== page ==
Furlough fallout predicted at Transportation Dept.

By Suzanne Kubota
Senior Internet Editor

As the political drama that caused the furlough of 2,000 Department of Transportation workers unfolds, Antonyio Johnson, local president of AFGE 3313 offers encouragement.

“This situation will be resolved in the very, very near future,” Johnson told Federal News Radio. “We’re hoping within the next week. As of right now, it’s uncertain and it’s adding additional stress to employees. Of course, uncertainty always does.”

John Palguta, Vice President for Policy at the Policy at the Partnership for Public Service, has been there, done that when he rode out the Shutdown of ’95 as a federal employee. He recalls it as “frustrating.”

There’s frustration, first of all, in not being able to do a job that you feel is an important job to be done, and then secondly, if it looks like it’s going to go on for a while, you do start to wonder about finances. The frustration and the uncertainty does not help job satisfaction.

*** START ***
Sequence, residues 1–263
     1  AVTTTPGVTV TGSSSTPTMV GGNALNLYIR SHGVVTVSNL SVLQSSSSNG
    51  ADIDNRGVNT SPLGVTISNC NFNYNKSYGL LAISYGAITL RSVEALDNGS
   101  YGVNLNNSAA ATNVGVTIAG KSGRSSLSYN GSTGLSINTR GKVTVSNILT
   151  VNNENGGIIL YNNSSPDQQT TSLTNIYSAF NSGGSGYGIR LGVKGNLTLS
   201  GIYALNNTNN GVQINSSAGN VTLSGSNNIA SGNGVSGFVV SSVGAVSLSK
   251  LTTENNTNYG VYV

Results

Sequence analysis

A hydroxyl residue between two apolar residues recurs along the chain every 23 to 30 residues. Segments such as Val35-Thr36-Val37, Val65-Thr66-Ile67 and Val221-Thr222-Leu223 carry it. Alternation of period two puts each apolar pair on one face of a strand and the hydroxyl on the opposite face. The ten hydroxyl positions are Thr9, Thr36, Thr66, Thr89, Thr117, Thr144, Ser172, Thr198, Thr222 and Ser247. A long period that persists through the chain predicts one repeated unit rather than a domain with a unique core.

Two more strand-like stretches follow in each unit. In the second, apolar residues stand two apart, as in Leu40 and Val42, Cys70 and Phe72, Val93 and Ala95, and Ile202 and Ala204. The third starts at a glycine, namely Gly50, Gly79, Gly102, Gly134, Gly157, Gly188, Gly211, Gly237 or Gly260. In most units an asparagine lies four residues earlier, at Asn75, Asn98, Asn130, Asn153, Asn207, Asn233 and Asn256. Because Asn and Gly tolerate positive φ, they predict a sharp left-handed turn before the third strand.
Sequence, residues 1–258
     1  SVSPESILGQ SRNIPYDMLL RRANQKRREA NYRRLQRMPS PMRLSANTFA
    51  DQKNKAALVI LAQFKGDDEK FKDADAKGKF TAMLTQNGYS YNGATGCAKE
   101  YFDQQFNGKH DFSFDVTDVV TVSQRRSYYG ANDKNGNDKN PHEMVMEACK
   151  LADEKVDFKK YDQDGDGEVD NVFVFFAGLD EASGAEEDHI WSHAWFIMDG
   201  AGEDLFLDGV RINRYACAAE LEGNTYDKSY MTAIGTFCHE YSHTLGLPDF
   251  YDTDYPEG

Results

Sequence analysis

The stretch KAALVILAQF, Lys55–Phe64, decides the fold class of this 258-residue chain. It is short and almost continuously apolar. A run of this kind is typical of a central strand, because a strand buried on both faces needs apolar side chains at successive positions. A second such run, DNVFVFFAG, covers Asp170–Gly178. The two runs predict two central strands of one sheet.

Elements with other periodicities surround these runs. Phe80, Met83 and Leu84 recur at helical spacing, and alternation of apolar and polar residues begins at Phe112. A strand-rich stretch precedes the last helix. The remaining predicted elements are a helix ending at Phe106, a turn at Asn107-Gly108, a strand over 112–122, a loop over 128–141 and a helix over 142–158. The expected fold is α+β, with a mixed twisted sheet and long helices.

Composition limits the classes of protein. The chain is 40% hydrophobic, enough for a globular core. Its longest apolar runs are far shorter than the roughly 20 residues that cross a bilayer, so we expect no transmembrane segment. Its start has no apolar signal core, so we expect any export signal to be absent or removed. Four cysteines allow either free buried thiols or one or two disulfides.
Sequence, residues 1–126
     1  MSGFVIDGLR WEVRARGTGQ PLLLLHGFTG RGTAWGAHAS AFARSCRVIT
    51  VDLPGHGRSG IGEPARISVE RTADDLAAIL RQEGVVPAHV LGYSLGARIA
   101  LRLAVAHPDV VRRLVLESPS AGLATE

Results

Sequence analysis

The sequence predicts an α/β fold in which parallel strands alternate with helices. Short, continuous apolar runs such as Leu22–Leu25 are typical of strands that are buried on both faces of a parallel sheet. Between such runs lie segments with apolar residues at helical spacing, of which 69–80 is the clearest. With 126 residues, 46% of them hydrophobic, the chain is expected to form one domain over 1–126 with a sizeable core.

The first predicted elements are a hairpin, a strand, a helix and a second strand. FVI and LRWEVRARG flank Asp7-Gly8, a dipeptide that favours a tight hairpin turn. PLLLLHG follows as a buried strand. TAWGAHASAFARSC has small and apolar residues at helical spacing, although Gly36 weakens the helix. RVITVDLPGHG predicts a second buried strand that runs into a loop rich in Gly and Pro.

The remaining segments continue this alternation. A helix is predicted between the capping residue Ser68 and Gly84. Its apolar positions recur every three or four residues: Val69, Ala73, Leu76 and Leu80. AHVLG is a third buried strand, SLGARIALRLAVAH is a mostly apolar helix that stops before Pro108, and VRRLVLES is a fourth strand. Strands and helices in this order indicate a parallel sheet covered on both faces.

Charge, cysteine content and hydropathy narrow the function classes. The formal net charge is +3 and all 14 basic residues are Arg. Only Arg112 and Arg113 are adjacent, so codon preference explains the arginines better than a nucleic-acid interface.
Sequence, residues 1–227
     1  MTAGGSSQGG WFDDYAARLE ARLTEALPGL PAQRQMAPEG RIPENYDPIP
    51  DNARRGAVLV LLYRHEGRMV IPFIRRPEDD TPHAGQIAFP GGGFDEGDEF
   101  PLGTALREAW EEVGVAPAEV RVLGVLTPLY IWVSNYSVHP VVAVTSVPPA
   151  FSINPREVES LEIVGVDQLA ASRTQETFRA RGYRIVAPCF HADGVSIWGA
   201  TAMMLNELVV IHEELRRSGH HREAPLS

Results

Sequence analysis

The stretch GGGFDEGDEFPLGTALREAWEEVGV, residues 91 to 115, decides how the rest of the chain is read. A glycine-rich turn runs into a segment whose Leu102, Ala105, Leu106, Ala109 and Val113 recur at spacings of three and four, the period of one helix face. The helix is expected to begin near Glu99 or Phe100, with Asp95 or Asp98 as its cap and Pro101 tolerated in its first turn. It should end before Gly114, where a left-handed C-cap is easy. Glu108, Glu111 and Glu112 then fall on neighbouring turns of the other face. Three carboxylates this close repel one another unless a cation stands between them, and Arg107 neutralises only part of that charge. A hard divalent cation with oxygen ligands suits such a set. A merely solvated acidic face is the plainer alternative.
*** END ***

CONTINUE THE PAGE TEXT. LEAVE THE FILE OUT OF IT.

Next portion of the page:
The fallout from the furlough won’t take long to be felt. When DoT employees return to their desks, many will find the 2010 Federal Employee Viewpoint Survey waiting.

“Is (the furlough) going to influence how they respond?” asks Palguta, and answers himself. “Possibly.”

Palguta said the Partnership uses the OPM data for their Best Places to Work rankings. The furlough couldn’t have come at a worse time for DoT, said Palguta. “Out of the 30 large agencies in our 2009 rankings, they ranked 30th.”

The biggest impact on the rankings, predicted Palguta, will be as a result from one particular question in the survey . “That’s a question that could take a hit,” said Palguta, “in terms of the willingness of employees to recommend the Federal Highway Administration as a place to work.”

In the long term, Palguta said the fallout will be “a blip” and we’ll be fine. “Government,” he said, “keeps on going.”

In the meantime, Transportation feds wait.


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